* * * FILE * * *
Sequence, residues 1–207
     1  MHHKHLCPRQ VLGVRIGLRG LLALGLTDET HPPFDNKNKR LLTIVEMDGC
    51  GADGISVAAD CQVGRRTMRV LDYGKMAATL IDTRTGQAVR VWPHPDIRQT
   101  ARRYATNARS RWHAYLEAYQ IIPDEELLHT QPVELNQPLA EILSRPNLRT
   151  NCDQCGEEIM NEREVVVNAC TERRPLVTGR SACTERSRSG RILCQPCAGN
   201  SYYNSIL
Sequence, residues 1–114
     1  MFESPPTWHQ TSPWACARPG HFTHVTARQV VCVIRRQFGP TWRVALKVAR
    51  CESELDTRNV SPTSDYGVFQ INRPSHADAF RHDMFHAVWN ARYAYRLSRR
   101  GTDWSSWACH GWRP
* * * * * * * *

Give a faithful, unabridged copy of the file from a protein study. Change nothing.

Sequence, residues 1–207
     1  MHHKHLCPRQ VLGVRIGLRG LLALGLTDET HPPFDNKNKR LLTIVEMDGC
    51  GADGISVAAD CQVGRRTMRV LDYGKMAATL IDTRTGQAVR VWPHPDIRQT
   101  ARRYATNARS RWHAYLEAYQ IIPDEELLHT QPVELNQPLA EILSRPNLRT
   151  NCDQCGEEIM NEREVVVNAC TERRPLVTGR SACTERSRSG RILCQPCAGN
   201  SYYNSIL
Sequence, residues 1–114
     1  MFESPPTWHQ TSPWACARPG HFTHVTARQV VCVIRRQFGP TWRVALKVAR
    51  CESELDTRNV SPTSDYGVFQ INRPSHADAF RHDMFHAVWN ARYAYRLSRR
   101  GTDWSSWACH GWRP